Diablo Traverse FA by Haley and Schaefer - Up-Climbing

Diablo Traverse FA by Haley and Schaefer

Colin Haley and Mikey Schaefer carried out the first ascent of the Diablo Traverse on the Devil’s Thumb massif on the Stikine Icecap region, linking in 3 days (13|15 August the summits of Witches Tits, Cat’s Ears Spires, and Devil’s Thumb.
Here Colin Haley’s report:
“Mikey Schaefer (mikeylikesrocks.com) and I have just come back to Seattle from a quick, fantastic trip to the Stikine Icecap region, on the BC-Alaska border, near Petersburg, Alaska. I have been planning to visit Devil’s Thumb for years, but until now never made it to this beautiful mountain range. Our objective was a complete traverse of the Devil’s Thumb massif, climbing over the summits of the Witches Tits, Cat’s Ears Spires, and finally Devil’s Thumb itself. Like the Torres Traverse to Ermanno Salvaterra, this traverse is originally the dream of Dieter Klose, the Stikine’s most dedicated disciple.
The traverse was attempted in 2004 by Jon Walsh and Andre Ike, who became the first to traverse all four spires of the Witches Tits and Cat’s Ears (making the first ascent of the East Witches Tit in the process), but were stopped at the base of The Thumb by a chopped rope. In 2006 Jed Brown and I applied for a Fellowship Fund Grant to try the traverse. The rejection of our grant application was actually a blessing in disguise, because we switched plans to a less expensive trip, and ended up climbing The Entropy Wall on Mt. Moffit, still one of my best climbs ever.
Inspired by our friends Dave Burdick and John Frieh’s execution of such a plan last summer on Burkett Needle, Mikey and I planned our trip in the "smash and grab" style: Rather than sit on a glacier in the rain for weeks, watch the weather forecast from Seattle, and when it looks good buy a last-minute ticket to Petersburg, "smash" into the range (with the assistance of a helicopter), and "grab" a summit (or five) before the weather gods realize they’ve let you slip by…
So, on the evening of Tuesday, August 10th, we bought tickets for Petersburg departing Seattle the following morning, August 11th. We spent the remainder of Wednesday organizing ourselves in Petersburg with the generous help of Dieter Klose, and buying food and fuel (be warned: isobutane canisters in Petersburg cost twelve dollars apiece!) On Thursday we flew with Temsco Helicopters from Petersburg to a little basecamp below Devil’s Thumb’s southeast face.
On Friday morning (August 13) we departed our basecamp at the leisurely hour of 8am, and made a descending, traversing approach to the base of the Witches Tits. We climbed to the notch between the two Witches Tits by the Edwards-Millar route, with the Walsh-Ike "Witches Cleavage" variation. The climbing on the upper headwall was absolutely outstanding, and certainly some of the highest-quality alpine rock I’ve ever touched. The unrepeated Edwards-Millar route looks amazing, as does the unrepeated Belcourt-Rackliffe route. We left our packs in the notch between the Tits, and quickly tagged the summit of the West Witches Tit. We then picked our packs back up, climbed up to the summit of the East Witches Tit for its second ascent, and rappelled the east ridge of the East Tit to a tight bivy in the Tits-Ears col. This col had the last snow or ice we encountered before the summit of Devil’s Thumb, so we had to leave with the weight of 8 liters of water in our packs.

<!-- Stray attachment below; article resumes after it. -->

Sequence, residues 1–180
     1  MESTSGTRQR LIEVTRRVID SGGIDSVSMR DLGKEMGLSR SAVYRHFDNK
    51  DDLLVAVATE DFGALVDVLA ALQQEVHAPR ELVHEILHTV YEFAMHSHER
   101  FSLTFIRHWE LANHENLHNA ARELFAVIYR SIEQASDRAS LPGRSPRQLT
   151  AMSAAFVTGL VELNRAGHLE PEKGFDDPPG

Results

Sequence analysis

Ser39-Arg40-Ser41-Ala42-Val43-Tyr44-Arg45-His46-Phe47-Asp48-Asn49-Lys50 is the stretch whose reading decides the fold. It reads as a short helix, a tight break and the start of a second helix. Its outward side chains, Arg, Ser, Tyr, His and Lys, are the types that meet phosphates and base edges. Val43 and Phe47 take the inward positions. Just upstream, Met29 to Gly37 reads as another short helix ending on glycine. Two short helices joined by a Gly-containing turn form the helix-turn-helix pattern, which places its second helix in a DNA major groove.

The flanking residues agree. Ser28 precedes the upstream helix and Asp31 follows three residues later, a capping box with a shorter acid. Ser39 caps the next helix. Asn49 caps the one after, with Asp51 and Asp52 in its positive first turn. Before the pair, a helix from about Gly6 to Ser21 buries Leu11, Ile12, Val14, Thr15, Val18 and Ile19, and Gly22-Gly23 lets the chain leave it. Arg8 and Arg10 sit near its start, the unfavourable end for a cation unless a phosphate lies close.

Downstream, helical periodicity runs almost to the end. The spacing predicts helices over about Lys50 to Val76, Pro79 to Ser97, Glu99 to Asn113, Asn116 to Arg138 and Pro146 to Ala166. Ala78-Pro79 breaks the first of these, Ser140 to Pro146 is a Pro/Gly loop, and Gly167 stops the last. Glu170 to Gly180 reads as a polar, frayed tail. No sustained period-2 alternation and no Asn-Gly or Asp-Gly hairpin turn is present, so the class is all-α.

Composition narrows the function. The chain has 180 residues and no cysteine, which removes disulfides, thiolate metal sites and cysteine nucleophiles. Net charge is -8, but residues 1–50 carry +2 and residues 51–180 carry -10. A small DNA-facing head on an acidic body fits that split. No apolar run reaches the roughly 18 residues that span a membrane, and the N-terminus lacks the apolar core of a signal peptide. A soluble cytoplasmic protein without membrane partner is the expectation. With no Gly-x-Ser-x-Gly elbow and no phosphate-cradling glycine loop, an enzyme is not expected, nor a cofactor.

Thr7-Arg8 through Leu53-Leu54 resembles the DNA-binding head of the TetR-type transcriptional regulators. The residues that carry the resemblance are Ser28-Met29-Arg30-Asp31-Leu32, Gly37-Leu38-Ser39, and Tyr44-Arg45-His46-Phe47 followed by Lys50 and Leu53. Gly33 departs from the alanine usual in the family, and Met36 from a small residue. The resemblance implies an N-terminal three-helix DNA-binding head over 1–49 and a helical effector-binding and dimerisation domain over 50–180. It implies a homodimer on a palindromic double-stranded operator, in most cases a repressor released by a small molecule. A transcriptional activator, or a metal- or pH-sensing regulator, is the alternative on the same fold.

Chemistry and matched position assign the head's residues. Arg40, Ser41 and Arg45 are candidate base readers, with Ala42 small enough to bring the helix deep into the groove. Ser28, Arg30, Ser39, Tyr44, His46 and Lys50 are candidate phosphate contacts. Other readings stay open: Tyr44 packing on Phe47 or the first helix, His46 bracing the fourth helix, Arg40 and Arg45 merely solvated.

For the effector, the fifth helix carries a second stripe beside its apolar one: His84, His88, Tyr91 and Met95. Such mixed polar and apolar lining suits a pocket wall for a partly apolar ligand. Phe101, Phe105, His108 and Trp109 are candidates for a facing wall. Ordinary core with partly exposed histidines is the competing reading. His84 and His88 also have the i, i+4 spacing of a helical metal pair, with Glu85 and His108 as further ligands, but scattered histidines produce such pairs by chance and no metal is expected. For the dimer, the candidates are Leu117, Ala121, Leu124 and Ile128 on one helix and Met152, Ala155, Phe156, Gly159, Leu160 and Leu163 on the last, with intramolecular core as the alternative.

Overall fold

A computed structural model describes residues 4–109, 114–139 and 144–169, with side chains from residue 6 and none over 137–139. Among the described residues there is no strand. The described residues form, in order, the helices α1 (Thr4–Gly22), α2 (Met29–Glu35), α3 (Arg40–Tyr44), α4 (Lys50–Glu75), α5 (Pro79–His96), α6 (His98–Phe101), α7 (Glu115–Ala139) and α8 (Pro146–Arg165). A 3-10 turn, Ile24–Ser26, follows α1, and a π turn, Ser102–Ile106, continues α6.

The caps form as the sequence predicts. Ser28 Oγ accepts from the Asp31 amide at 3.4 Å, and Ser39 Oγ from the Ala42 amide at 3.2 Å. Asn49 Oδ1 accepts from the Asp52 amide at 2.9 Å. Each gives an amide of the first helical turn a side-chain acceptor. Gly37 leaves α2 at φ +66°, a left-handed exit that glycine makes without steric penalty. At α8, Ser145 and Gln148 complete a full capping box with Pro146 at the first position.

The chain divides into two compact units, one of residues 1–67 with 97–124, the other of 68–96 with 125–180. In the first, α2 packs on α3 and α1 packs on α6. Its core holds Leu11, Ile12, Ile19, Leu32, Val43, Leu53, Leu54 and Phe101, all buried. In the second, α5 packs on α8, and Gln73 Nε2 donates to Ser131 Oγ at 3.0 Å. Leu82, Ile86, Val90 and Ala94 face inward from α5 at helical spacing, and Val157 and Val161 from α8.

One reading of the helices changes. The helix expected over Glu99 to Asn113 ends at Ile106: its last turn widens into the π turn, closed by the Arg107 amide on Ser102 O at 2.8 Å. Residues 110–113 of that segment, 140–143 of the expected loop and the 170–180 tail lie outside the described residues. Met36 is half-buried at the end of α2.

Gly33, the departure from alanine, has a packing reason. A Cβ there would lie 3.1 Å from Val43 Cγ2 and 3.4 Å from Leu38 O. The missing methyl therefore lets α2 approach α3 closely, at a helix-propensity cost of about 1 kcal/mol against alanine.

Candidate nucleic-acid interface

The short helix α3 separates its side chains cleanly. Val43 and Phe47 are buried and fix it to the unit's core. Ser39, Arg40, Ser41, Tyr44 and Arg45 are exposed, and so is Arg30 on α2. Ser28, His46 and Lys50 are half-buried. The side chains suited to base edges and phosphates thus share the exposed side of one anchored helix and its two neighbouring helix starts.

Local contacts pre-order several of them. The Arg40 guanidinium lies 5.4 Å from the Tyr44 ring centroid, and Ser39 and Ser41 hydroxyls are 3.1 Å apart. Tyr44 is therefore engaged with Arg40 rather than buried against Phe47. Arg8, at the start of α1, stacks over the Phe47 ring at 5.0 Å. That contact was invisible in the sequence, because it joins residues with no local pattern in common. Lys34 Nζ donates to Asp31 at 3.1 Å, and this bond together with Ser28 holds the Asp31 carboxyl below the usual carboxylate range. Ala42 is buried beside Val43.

On Saturday morning we again left our bivy at a leisurely hour, and made one rappel to the north side of the ridge, to gain the Elias-McMullen route on the Cat’s Ears. We climbed the Elias-McMullen route to the Cat’s Brow (the notch between the ears), and then tagged each of the spectacular Cat’s Ears summits in single pitches from the Cat’s Brow. We knew that Walsh and Ike had rappelled to the south from the Cat’s Brow, and chopped their rope regaining the ridgecrest in the extremely-chossy Ears-Thumb gully. Hoping to avoid a similar fate, we decided to instead rappel the east face of the East Cat’s Ear, directly into the Ears-Thumb notch. Our plan worked to avoid the chossy gully, although it was very intimidating to rappel the dead-vertical to slightly overhanging east face of the East Ear. From the Ears-Thumb notch we climbed two pitches up Devil’s Thumb’s West Buttress to a five-star bivy ledge.
On Sunday we finally got an earlier start, and continued up the West Buttress of The Thumb. There was one tricky roof that Mikey surmounted with a mix of free and aid climbing, but the majority of the West Buttress was moderate climbing, in the 5.6-5.9 range, on fantastic rock. I think it is a route worthy of classic status. The West Buttress had been almost climbed in 1990 by Jim Haberl, Mike Down, and Alastair Foreman, who retreated one pitch below the summit ridge in a storm. We found their rappel anchors all the way up, and their last anchor indeed looked like it had been made in haste: a sketchy-looking block, backed up with a Friend.
We continued up the summit ridge, tagged the summit, and kept traversing to the descent of the southeast face. The descent, down a variation of the Beckey Route, was long and tedious (particularly because it was so melted out, and there were lots and lots of loose blocks), but we eventually made it into our camp at 10:30 p.m.
It was a fantastic climb, in a beautiful area. It was higher in quality than difficulty, and is certainly a traverse that I’d recommend to others. We’re calling it the "Diablo Traverse," and the grade we climbed it at is I think 5.10 A2. Thanks to Jon Walsh and Andre Ike for laying the groundwork, and thanks a ton to Dieter Klose for the original inspiration and logistical help in Petersburg. “
 Source: colinhaley.blogspot.com